It wasn't love,but it was a breakthrough.
The day after theNuggets' 2005-06 season ended with a first-round loss to the Spurs, Anthonyasked strength-and-conditioning coach Steve Hess to join him for a four-milerun through Anthony's suburban Denver neighborhood. For the rest of that summerAnthony undertook an intense regimen that included running steps at aDenver-area ampitheatre and hitting the weights. "He was telling me that Ididn't take the game seriously," Anthony says of Karl. "I told myself,I'm going to prove to him that this is what I like to do. That this is what Ilove to do."
A crucial bufferin the relationship between player and coach has been Nuggets assistant TimGrgurich, a longtime Karl confidant who worked with him in Seattle andMilwaukee. After each shootaround Grgurich and Anthony study video of all histouches from the previous game, evaluating every decision he made with theball. Should he have taken that shot? Did he make the right pass? "I talkto Grg way more than I talk to George, which is better for both of us,"says Anthony. "I can go to Grg and say, 'Grg, I don't like this,' or, 'Whatdo you think about this?' And he'll go back to George and won't say it's comingfrom me. He'll just say, 'What do you think about this? ...'"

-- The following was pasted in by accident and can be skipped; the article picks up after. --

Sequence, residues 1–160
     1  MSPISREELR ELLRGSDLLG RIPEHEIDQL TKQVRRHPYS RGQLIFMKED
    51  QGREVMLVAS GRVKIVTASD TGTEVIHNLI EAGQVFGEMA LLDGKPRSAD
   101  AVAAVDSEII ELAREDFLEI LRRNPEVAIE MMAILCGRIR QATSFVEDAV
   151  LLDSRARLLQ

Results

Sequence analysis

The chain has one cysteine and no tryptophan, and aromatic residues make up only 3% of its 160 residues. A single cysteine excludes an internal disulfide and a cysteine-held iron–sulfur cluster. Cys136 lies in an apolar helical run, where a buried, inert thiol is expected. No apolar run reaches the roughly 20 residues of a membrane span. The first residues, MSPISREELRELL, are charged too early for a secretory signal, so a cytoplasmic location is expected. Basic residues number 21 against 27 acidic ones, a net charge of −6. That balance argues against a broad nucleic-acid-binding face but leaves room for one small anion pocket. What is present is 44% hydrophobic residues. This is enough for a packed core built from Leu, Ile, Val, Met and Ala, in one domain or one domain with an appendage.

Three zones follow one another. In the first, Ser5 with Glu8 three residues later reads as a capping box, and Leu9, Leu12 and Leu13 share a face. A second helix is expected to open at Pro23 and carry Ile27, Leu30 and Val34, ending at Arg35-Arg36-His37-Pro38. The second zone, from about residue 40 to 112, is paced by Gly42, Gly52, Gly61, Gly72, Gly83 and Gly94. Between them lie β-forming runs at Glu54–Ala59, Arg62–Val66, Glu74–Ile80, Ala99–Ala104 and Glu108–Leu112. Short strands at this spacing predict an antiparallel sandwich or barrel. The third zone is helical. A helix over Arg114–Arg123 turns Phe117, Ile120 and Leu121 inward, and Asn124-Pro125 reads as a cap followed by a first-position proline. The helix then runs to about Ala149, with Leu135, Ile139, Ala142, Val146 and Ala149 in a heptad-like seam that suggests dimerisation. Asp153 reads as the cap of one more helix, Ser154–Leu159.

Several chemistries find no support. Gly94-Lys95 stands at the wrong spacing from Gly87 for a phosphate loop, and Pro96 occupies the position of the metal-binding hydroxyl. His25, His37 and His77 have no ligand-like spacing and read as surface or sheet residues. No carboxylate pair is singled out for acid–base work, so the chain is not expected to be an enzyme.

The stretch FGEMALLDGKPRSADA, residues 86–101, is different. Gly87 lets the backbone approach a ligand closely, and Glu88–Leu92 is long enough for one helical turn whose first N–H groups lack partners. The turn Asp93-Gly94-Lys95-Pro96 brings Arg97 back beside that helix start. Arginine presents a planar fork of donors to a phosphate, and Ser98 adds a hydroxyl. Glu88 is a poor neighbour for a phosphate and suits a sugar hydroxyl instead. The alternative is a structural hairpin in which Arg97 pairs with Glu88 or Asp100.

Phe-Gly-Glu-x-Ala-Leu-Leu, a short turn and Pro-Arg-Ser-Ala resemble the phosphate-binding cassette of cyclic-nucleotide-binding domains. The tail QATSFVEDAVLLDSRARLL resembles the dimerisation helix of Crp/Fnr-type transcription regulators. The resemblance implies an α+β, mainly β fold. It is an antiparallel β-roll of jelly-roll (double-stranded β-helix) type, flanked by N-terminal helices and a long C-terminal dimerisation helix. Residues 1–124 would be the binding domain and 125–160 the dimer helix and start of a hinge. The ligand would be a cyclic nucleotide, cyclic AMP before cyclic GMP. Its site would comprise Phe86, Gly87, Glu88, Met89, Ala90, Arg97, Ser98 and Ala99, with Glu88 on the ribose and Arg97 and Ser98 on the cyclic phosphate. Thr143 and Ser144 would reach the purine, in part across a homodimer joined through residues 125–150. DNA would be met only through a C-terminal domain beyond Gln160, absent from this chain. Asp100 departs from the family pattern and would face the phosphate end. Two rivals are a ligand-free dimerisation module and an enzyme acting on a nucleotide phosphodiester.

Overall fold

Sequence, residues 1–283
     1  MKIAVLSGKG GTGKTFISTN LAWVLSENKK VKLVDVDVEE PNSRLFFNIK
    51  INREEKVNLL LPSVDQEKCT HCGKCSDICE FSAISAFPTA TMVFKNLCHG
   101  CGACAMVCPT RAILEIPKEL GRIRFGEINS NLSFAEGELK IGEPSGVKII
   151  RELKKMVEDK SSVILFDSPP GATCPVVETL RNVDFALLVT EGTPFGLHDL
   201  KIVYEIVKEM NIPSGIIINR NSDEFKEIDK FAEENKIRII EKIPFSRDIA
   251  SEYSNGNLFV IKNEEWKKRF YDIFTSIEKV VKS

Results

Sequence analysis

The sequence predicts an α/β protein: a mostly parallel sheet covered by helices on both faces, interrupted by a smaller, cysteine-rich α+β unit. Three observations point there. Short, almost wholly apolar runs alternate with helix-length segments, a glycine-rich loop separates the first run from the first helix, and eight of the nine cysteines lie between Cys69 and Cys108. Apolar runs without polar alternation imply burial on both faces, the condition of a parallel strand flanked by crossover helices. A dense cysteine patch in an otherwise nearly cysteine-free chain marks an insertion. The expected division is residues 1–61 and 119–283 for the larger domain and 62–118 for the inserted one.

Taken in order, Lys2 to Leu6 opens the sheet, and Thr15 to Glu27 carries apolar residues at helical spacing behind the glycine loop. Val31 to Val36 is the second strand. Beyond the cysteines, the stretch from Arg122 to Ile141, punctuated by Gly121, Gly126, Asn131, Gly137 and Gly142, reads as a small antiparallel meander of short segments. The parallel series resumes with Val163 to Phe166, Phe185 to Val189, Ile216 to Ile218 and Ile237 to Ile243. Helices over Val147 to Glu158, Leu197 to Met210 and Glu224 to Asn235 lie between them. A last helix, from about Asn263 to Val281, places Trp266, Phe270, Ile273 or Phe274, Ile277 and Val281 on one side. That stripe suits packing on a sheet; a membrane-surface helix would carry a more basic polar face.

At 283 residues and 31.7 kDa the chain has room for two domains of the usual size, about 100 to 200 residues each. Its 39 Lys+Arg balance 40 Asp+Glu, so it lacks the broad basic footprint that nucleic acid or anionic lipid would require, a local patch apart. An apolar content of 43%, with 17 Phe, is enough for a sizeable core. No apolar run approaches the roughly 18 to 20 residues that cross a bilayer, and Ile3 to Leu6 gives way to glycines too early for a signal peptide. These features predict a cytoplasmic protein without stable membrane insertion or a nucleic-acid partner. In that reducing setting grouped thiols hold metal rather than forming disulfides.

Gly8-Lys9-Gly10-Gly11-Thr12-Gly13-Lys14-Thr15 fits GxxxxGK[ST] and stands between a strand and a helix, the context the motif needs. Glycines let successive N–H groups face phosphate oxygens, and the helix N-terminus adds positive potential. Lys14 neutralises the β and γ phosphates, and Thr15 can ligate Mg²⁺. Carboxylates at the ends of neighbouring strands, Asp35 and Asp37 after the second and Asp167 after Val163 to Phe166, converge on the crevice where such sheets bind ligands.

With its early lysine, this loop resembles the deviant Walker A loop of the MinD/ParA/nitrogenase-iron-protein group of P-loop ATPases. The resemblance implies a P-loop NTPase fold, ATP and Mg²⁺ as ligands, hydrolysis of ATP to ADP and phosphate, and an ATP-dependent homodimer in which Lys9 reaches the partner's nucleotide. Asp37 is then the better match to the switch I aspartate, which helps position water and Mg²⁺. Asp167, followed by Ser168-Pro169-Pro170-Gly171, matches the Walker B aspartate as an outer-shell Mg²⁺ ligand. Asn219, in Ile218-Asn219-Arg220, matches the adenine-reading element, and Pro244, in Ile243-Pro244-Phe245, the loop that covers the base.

Anthony'steammates have noticed his maturation. "Since George got here, he's reallytalked to Melo about mixing his game up," says Camby. Anthony now posts upand is driving to the basket more often, resulting in a career-best 9.0 freethrow attempts per game, seventh most in the league. He is also more decisiveonce he gets the ball, attacking almost immediately. "A lot of the credithas to go to Carmelo," says Camby. "He's putting in a lot of extra workbefore and after practice, he watches a lot of film with Coach Grg, and he'saccepting criticism."